Welcome to the Tek-Gnostic Judaism Center

What is hateful to you, do not do to your fellowman. This is the entire Law; all the rest is commentary.
      - Talmud, Shabbat 3id

 

 

The Essence Of Judaism

The Essence of Judaism is one of the most widely practiced religions in the world. It is also the oldest monotheistic religion, originating at least 3,000 years ago. There are three different kinds of Judaism, Orthodox, Conservative, and Reform. Orthodox is the most traditional and had changed very little over the years. Conservative has changed to fit the times without losing much tradition. Reform Judaism is most modern of the three.

No matter which kind of Judaism someone practices, in order to be considered Jewish they must practice Jewish traditions, observe Jewish law, and believe in God. Since Judaism is so old, it has many important traditions, many of which are still practiced today. One of the first things that come to mind when someone thinks of Judaism is the synagogue. In the Orthodox synagogues, only Hebrew is spoken, while in the Conservative and Reform synagogues English is also spoken. The synagogue is a place of worship for the Jewish community. Men used to be the only ones who went to the synagogue, while women stayed at home and raised the family, but now both usually go.

One of the most important Jewish traditions is the Sabbath. The Sabbath begins at sundown on Friday, and ends at sundown on Saturday. During the Sabbath no work is permitted. The entire day is devoted to family and prayer. Another part of Jewish life is kosher food. There are strict rules for preparing food, as well as rules on what can and cannot be eaten.

There are many important Jewish holidays. No work is permitted on any holiday, and most involve one or more visits to the synagogue. Rosh Hashanah is the Jewish New Year, which lasts eight days. The last day is Yom Kippur, which is one of the most important days of the year. Hanukkah is a minor holiday, but probably the most widely known. Hanukkah lasts for eight days to commemorate the eight days for which the oil for one day lasted. Another holiday is Passover, which celebrates the Jew’s liberation for slavery in Egypt. Passover is a very unique holiday because it is mainly celebrated in the home instead of the synagogue. All Jews celebrate the Jewish holidays, no matter if they are Orthodox, Conservative, or Reform.


 

 

Kabbalah... the Essence of Mystical Judaism

Kabbalah is a discipline and school of thought concerned with the mystical aspect of Judaism. It is a set of esoteric teachings that is meant to explain the relationship between an infinite, eternal and essentially unknowable Creator with the finite and mortal universe of His creation. In solving this paradox, Kabbalah seeks to define the nature of the universe and the human being, the nature and purpose of existence, and various other ontological questions. It also presents methods to aid understanding of these concepts and to thereby attain spiritual realization. Kabbalah originally developed entirely within the milieu of Jewish thought and constantly uses classical Jewish sources to explain and demonstrate its esoteric teachings. These teachings are thus held by kabbalists to define the inner meaning of both the Tanakh (Hebrew Bible) and traditional rabbinic literature, as well as to explain the significance of Jewish religious observances.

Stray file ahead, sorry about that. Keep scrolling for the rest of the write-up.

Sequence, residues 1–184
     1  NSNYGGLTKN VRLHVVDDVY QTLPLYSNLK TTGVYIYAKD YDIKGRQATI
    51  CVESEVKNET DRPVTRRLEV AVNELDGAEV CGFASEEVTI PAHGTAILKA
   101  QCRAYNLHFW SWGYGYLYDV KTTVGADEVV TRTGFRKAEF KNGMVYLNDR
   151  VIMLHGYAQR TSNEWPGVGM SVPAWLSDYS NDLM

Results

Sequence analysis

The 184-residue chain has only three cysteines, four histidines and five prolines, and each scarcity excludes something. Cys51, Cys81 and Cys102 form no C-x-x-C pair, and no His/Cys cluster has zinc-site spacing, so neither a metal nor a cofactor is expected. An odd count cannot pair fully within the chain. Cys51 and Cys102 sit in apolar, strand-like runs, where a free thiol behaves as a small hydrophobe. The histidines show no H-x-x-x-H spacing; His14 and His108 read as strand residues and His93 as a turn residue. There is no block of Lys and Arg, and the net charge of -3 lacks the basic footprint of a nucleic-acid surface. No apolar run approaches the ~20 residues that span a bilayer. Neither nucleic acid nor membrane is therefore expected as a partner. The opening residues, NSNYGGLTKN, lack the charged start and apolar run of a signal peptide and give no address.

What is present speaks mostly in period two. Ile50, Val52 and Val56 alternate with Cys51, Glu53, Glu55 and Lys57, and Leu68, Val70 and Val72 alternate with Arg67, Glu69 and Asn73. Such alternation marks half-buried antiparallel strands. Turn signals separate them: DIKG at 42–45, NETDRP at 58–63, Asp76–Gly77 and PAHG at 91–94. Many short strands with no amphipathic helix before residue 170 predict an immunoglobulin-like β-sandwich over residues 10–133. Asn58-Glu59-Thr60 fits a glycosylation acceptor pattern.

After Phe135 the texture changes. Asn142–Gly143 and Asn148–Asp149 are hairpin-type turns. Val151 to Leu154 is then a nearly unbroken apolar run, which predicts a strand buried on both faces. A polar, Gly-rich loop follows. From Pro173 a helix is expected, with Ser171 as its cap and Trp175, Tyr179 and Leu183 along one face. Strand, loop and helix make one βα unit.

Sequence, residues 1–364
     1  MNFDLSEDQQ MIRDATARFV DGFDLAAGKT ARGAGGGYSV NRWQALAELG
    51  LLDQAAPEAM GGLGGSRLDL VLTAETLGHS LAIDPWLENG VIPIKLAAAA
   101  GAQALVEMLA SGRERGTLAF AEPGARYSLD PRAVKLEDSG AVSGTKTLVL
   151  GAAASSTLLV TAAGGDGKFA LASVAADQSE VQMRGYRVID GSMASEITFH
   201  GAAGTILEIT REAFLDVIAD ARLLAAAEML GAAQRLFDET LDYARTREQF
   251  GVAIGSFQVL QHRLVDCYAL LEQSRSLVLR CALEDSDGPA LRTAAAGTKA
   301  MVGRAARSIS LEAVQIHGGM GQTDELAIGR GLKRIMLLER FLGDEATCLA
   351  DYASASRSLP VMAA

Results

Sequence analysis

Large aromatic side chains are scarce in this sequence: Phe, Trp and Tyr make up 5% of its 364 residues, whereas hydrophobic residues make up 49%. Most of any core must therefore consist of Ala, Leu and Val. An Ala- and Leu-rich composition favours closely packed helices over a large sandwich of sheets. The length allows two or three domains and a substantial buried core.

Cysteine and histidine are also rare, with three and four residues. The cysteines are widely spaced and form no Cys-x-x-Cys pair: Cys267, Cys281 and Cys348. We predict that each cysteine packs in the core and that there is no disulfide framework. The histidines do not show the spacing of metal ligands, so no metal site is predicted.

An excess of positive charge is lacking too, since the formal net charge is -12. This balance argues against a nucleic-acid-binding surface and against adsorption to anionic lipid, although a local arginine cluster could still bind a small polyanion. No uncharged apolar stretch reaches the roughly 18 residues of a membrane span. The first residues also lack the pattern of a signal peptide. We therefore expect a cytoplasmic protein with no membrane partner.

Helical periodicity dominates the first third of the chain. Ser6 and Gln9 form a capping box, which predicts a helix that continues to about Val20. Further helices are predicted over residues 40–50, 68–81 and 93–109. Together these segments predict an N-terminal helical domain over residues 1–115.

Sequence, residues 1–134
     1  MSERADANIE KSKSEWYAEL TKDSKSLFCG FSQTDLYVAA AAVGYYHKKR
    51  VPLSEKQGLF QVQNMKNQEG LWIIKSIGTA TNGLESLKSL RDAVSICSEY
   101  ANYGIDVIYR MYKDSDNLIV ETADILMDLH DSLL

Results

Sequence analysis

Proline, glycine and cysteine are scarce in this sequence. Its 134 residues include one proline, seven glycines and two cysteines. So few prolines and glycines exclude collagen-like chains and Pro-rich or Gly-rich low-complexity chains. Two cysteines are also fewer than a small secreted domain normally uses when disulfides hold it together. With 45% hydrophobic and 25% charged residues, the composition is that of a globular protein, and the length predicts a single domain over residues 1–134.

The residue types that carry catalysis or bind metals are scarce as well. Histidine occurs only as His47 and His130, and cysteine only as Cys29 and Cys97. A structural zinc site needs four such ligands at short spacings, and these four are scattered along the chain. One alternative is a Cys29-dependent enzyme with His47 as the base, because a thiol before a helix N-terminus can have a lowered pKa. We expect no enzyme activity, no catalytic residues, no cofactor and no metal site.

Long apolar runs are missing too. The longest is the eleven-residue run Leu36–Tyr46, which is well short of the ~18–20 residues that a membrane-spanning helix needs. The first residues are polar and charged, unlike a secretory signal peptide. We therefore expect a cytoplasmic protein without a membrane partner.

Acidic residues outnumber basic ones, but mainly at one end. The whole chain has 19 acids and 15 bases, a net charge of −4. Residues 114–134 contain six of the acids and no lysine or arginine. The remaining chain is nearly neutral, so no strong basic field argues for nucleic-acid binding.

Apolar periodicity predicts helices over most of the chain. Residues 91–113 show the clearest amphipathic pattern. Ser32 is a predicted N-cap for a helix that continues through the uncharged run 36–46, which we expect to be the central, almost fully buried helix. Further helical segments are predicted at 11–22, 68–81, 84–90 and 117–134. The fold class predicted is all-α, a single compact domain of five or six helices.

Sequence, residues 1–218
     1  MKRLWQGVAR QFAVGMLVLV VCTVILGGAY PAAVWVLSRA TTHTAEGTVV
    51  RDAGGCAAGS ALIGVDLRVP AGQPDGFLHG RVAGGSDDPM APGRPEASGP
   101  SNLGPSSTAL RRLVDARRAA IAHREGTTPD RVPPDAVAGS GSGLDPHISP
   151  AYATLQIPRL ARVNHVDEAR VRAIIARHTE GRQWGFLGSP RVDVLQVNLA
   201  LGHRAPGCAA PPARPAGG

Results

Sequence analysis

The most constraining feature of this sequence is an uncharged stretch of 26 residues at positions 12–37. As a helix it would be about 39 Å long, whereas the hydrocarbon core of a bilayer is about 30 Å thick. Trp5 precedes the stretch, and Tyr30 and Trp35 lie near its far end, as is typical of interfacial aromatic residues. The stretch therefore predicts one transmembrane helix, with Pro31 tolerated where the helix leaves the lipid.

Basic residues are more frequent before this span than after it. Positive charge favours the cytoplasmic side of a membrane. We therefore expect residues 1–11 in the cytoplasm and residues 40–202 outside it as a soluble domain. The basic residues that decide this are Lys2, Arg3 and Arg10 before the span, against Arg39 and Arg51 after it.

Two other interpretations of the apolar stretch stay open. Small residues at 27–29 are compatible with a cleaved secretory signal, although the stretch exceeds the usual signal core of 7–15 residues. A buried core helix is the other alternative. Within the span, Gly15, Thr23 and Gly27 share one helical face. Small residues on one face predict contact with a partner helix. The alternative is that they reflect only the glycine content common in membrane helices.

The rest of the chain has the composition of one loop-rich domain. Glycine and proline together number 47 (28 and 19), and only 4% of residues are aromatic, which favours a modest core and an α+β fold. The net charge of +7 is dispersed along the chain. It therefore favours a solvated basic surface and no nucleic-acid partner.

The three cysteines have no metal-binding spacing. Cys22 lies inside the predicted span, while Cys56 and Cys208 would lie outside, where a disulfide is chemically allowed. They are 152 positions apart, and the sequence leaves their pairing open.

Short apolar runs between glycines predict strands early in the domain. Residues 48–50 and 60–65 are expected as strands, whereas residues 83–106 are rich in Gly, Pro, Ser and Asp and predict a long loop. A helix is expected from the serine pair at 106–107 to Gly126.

To illustrate an idea of the nature of Kabbalah, it is pertinent to briefly discuss the better known, fundamental concepts of kabbalistic thought: the concept of G-d as Ein Sof, the Ten Sefirot, and the kabbalistic tree of life. This explanation is, at best, a gross oversimplification.

According to Kabbalah, the true essence of G-d is so transcendent that it cannot be described, except with reference to what it is not. This true essence of G-d is known as Ein Sof, which literally means "without end," which encompasses the idea of His lack of boundaries in both time and space. In this truest form, the Ein Sof is so transcendent that It cannot have any direct interaction with the universe. The Ein Sof interacts with the universe through ten emanations from this essence, known as the Ten Sefirot.

These Sefirot correspond to qualities of G-d. They consist of, in descending order, Keter (the crown), Chokhmah (wisdom), Binah (intuition, understanding), Chesed (mercy) or Gedulah (greatness), Gevurah (strength), Tiferet (glory), Netzach (victory), Hod (majesty), Yesod (foundation) and Malkut (sovereignty). The middle five qualities are mentioned explicitly and in order at I Chronicles 29:11: Yours, O L-rd, is the greatness (gedulah), the strength (gevurah), the glory (tiferet), the power (netzach), and the splendor (hod). This passage has been translated in widely varying ways, but the Hebrew corresponds to the names of the Sefirot in order.

The Ten Sefirot include both masculine and feminine qualities. Kabbalah pays a great deal of attention to the feminine aspects of G-d.

The Sefirot are commonly represented as in the diagram at left. This diagram is commonly known as the Tree of the Sefirot or the Kabbalistic Tree of Life. There is great significance to the position of these various attributes and their interconnectedness.

The Sefirot are not separate deities, as some might think by taking this too literally. They are intimately a part of G-d, and yet they are in contact with the universe in a way that the Ein Sof is not. The Sefirot connect with everything in the universe, including humanity. The good and evil that we do resonates through the Sefirot and affects the entire universe, up to and including G-d Himself.

 

The Zohar

The Mystical Vision of Kabbalah

The Kabbalah
Emanations from the Source

 

 

 

Home
Donations

Merchandise
Communiqué
About Us
Guild
Tek
Gnosis
 
Illuminati
Matrix
Beyond Theology
CG Jung
Main Temple
Pop Future
Virtual Tour
Extra Terrestrial Transmissions